Is Male Pattern Baldness Hereditary?

The day you realize you’re losing hair faster than you grow it is a tough one. However, two out of three men begin balding by the time they’re 60 according to US News and World Report. Hair loss is also a lucrative industry where balding individuals pay $1 billion to get back their luscious locks. Male pattern baldness has a tendency to run in families and usually starts when a man is in his thirties, but baldness can start as early as the teenage years in some cases. There is no way to avoid male pattern baldness, and the precise causes are still being studied. There are a few things that studies have found on male pattern baldness and its genetic links.

The Genetic Causes of MPB

Medical doctors have found that androgenetic alopecia has both genetic and hormonal causes on baldness. Hair follicles in men who suffer from MPB are more vulnerable to testosterone and DHT later in life. This disadvantage is hereditary, and it causes hair growth to slow down and eventually stop altogether. Doctors believe that the difficult to grow hair at the follicle is passed down from DNA by generation to generation.

Doctors have found that the X chromosome passed down from the mother is directly linked to baldness, yet it’s not the only factor that contributes to androgenetic alopecia.

The Genetic Role of X Chromosome

The baldness gene variation has been linked to the X chromosome, which can only be passed down from a mother to a son. It’s not the only reason that baldness occurs in men. If you consider that a white man has a 50 percent chance of having some hair loss by the age of 50 and some families show no pattern of baldness on the mother’s side, there are a few other factors as well.

Markus Nothen is a genomics professor at the University of Bonn in Germany. He studied 95 families with at least two brothers who showed premature hair loss due to male pattern baldness. In total, 200 men were studied. The genetic screening revealed that the main prerequisite for premature baldness was a difference in the androgen receptor gene. It was found more often among the individuals showing premature hair loss and was not found as often on men who had more hair after the age of 60.

The male sex hormones, androgens, include testosterone. The gene variant causing early pattern hair loss is increasing the effects of these androgens, thus producing hair loss.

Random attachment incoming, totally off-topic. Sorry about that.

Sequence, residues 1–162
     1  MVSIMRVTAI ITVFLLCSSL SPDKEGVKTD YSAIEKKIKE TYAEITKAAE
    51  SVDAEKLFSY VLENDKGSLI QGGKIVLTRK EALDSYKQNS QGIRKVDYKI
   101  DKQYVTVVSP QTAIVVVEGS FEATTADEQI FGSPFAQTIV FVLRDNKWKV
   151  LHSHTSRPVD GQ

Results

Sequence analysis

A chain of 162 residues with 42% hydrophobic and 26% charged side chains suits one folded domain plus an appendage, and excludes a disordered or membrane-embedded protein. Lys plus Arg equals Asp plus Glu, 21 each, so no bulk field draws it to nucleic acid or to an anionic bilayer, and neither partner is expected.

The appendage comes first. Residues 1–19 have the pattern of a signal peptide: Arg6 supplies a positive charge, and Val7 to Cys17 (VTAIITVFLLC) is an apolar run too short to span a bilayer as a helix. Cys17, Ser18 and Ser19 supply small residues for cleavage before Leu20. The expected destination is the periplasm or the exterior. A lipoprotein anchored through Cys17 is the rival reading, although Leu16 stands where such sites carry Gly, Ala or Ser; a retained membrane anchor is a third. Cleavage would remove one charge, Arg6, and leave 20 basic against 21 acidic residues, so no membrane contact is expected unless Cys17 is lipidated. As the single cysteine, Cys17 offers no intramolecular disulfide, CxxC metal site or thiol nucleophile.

Nothen also found that other genes are at play as well and that these may be passed down from father to son. However, more research is necessary to find out what genes are causing baldness.

How to Determine Point of Baldness

Understanding the genetics behind pattern baldness can also help men understand the risks of developing androgenetic alopecia to better comprehend how baldness will change their hair follicles. Men can find the predisposition for hair loss by looking at previous generations on both sides of the family. You may see how acute baldness will be and at what age it will start just by looking at old family albums or talking to your family members.

What Prevents Male Pattern Hair Loss

There are plenty of myths out there on how to avoid baldness. Some say it’s trauma, others say wearing hats strain hair follicles. Then there are those who believe hair products like hairspray and gel cause baldness. However, since male pattern hair loss has been proven to be genetic, there’s no real way to prevent it from happening by avoiding hats or hair gels. There are some treatments out there like Rogaine and Propecia that claim to prevent baldness and even regenerate hair growth. There has been some evidence that Propecia can be used for people whose hair is just beginning to thin to see a bit of hair regrowth, and Rogaine also has shown to slow hair loss.

However, both of these treatments have direct effects on the user that are not beneficial. For example, Propecia causes decreased libido. Rogaine must be used twice daily, but irritates the scalp. Eventually, patients still see a loss of hair. Hair transplant surgery has been effective to treat baldness, but it’s not for everyone.

In conclusion, male pattern baldness is still being researched, and while there are some products that treat baldness, nothing has been able to prevent baldness from occurring to those exhibiting androgenetic alopecia.

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